As a North Miami lawyer who sues for truck accidents, I find it shocking the number of car accidents that occur on South Florida’s highways and roadways — particularly in construction zones. The tasks that construction workers perform on job sites are dangerous enough — now add large trucks passing through and you have serious safety risks.
Yesterday afternoon on a Texas highway, a construction worker was killed after being struck by a large truck. The worker was performing highway construction for the Department of Transportation when he was hit. Authorities state that the 20-year old man was in the middle of a cement paving job on the side of the road. However, it remains unclear as to whether the construction worker was in the road at the time of the truck accident, or if the truck swerved off to the side of the road. Yet, investigation is ongoing and no charges or lawsuits have been filed.
As I mentioned in my post from September 17, 2012, one of the most dangerous vehicles traveling on the road are trucks. Simply put, lanes on a highway are typically 12 feet wide. This lane width does not pose a problem for normal cars. However, the average width of an 18-wheeler truck is 8 1/2 feet — that means that the truck has only 3 1/2 feet to work with when traveling in a typical highway lane. I do not mean to get all technical and numbers oriented, but in many of the truck accident cases that I have litigated in North Miami, the offending truck often sways just outside of its designated lane — causing a car accident, or worse, an accident involving a construction worker.
Needless to say, performing construction work on the side of a highway is extremely dangerous. This work becomes especially dangerous when trucks are traveling through these construction zones. For large trucks that have several blind spots, being given adequate notice of the presence of construction workers is of the utmost importance. That’s right, notice.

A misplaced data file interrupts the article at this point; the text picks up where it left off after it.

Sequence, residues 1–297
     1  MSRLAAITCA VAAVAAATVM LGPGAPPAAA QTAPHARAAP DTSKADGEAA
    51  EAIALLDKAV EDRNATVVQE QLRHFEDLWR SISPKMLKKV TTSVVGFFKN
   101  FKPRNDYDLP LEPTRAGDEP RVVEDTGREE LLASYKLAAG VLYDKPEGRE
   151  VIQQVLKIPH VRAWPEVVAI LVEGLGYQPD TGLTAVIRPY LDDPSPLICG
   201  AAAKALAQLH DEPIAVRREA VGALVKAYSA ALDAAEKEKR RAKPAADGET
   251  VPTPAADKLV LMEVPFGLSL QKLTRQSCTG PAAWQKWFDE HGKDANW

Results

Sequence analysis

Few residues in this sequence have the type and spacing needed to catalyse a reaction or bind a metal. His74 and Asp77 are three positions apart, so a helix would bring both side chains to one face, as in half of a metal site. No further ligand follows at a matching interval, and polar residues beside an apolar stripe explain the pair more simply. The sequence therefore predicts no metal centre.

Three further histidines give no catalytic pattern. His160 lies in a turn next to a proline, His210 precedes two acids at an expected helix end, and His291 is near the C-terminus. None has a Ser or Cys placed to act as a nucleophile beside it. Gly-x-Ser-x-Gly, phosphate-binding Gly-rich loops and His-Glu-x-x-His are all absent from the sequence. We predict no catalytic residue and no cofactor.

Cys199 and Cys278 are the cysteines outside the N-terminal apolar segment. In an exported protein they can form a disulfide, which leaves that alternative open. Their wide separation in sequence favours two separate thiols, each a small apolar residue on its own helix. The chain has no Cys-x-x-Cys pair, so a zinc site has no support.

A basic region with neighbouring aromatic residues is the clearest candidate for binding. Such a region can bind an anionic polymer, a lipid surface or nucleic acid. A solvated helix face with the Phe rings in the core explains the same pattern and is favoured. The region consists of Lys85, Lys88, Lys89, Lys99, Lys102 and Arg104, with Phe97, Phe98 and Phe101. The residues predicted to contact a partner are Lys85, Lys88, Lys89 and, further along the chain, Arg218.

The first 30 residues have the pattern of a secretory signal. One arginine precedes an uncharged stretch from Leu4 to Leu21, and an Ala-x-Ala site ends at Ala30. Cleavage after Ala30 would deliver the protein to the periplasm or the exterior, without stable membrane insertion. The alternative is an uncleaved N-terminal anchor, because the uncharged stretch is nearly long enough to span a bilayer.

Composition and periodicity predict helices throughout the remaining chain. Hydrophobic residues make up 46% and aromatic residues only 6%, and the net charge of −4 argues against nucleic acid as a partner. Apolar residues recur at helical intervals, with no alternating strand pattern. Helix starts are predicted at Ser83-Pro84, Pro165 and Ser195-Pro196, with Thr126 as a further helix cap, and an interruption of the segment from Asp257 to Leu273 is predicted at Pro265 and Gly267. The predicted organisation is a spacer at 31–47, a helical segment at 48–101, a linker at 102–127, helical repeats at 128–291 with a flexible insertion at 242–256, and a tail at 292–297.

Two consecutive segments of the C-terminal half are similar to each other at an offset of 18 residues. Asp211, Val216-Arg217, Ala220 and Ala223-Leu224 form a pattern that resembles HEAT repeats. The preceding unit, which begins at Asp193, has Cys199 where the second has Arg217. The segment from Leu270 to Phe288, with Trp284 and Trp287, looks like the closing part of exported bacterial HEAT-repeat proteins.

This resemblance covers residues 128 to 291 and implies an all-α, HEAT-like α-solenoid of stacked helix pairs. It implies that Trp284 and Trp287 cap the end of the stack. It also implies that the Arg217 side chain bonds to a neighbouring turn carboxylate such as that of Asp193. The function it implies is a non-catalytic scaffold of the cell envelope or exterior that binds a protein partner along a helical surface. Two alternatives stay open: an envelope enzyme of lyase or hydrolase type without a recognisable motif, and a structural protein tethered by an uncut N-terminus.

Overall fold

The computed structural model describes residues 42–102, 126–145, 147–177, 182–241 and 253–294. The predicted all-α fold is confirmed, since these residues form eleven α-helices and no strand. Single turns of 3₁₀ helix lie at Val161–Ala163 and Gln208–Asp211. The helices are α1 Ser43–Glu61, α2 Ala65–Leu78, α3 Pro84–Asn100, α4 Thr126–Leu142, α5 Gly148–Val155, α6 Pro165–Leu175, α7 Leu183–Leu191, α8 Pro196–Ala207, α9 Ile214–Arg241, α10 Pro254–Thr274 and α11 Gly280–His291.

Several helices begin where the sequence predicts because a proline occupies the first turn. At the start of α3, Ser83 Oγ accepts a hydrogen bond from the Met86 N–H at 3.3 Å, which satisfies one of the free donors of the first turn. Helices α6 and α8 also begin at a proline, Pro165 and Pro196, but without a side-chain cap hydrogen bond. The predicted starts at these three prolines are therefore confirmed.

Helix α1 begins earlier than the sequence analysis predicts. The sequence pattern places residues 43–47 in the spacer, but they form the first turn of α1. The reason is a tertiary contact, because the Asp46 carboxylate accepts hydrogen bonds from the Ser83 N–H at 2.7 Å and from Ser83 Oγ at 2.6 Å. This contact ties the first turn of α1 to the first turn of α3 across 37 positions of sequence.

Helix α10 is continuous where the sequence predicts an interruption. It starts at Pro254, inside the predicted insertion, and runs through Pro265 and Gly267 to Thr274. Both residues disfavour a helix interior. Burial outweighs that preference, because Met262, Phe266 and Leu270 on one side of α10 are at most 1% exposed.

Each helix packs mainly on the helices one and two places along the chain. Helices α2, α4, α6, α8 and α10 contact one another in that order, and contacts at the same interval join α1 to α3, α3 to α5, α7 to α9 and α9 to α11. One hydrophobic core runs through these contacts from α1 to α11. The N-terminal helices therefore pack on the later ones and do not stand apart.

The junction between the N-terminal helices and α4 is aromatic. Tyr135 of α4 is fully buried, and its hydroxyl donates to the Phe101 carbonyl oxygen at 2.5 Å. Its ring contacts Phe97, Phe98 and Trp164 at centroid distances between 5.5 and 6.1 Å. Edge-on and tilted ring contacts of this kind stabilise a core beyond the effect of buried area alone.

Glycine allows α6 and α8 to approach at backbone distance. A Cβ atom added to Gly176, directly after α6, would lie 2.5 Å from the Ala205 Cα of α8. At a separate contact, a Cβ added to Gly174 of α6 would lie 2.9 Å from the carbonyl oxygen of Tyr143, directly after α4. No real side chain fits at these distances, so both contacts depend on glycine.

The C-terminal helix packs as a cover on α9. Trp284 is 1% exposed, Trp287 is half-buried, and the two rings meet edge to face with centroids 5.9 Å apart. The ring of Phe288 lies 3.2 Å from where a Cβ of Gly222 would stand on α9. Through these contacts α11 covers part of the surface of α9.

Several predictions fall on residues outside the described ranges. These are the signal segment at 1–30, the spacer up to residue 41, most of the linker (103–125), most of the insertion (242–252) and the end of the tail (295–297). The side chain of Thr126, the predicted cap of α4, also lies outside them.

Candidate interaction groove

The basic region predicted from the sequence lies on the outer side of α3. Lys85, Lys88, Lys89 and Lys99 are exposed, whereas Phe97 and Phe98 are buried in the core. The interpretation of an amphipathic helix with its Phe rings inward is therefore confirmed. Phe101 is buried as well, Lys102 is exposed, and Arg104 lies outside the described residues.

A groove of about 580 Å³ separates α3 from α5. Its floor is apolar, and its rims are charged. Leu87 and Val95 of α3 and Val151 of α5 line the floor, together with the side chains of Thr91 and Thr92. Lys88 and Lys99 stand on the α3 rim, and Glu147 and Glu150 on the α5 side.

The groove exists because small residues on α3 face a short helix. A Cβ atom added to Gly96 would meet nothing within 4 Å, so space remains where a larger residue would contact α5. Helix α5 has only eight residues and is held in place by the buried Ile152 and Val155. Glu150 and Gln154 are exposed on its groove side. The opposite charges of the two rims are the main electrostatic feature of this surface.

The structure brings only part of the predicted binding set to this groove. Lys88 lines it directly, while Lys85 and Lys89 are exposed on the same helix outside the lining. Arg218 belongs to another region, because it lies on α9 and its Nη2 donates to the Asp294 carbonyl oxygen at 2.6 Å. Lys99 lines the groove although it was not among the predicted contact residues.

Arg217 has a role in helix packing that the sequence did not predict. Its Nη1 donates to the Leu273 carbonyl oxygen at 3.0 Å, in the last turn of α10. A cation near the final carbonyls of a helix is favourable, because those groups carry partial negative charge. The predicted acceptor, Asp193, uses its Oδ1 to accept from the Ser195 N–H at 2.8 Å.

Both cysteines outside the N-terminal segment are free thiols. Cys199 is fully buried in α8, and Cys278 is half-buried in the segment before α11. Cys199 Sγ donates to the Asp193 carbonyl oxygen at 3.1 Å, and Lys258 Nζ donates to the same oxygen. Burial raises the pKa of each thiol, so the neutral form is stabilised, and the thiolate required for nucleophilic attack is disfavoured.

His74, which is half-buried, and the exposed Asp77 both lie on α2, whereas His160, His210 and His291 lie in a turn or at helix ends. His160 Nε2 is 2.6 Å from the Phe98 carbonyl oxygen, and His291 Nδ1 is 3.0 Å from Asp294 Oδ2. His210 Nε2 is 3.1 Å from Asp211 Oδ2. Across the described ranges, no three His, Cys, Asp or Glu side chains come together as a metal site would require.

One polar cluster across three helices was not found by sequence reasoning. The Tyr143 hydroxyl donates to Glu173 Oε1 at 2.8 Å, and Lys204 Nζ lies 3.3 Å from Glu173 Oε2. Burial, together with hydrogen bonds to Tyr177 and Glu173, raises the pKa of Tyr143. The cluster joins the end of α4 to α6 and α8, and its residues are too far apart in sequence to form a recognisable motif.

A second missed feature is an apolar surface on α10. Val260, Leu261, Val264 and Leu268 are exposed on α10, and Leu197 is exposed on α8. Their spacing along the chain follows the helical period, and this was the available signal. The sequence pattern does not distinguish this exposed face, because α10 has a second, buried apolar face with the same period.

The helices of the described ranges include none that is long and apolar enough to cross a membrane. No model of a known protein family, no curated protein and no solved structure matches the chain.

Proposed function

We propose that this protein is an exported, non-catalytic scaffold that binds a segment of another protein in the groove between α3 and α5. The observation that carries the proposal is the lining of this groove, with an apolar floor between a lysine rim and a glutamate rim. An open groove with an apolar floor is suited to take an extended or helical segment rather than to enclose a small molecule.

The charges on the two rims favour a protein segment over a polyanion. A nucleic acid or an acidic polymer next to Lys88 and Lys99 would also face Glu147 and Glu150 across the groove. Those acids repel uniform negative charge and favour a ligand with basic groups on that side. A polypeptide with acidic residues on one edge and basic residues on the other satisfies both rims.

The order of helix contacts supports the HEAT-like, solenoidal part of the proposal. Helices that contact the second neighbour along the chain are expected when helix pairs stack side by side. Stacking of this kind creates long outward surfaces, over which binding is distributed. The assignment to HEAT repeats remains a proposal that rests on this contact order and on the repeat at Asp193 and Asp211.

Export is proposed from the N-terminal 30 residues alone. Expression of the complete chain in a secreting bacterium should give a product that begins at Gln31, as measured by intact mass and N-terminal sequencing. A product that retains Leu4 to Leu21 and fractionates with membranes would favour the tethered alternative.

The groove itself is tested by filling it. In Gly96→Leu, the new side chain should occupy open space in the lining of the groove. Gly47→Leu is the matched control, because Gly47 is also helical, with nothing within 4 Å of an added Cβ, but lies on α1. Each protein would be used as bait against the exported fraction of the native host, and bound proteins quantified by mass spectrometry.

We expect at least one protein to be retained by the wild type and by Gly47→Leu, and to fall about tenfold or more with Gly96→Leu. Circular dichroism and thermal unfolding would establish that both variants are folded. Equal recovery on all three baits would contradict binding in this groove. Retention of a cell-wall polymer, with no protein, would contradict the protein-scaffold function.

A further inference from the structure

Many North Miami construction site cases involving a truck accident often come down to whether the truck driver had the proper notice of the presence of a construction project. Florida law requires that adequate notice is given to drivers well before approaching a construction area so that the driver, or truck driver for that matter, can have time to slow down, change lanes, or exit the highway if proper detours are in place.
Unfortunately, as a North Miami lawyer for many who are injured from truck accidents, I constantly find that one, or both, of the following factors contribute to car accidents: (1) the truck driver was speeding and driving carelessly through a construction zone; or (2) the truck driver was not given proper notice of a construction area ahead.
No matter the case, and sadly, even if all necessary precautions are followed, truck accidents continue to occur involving construction workers — as we have seen from the tragic accident detailed above.
If you or someone you know was injured in a truck accident, please contact us today.
By: Brandon Stein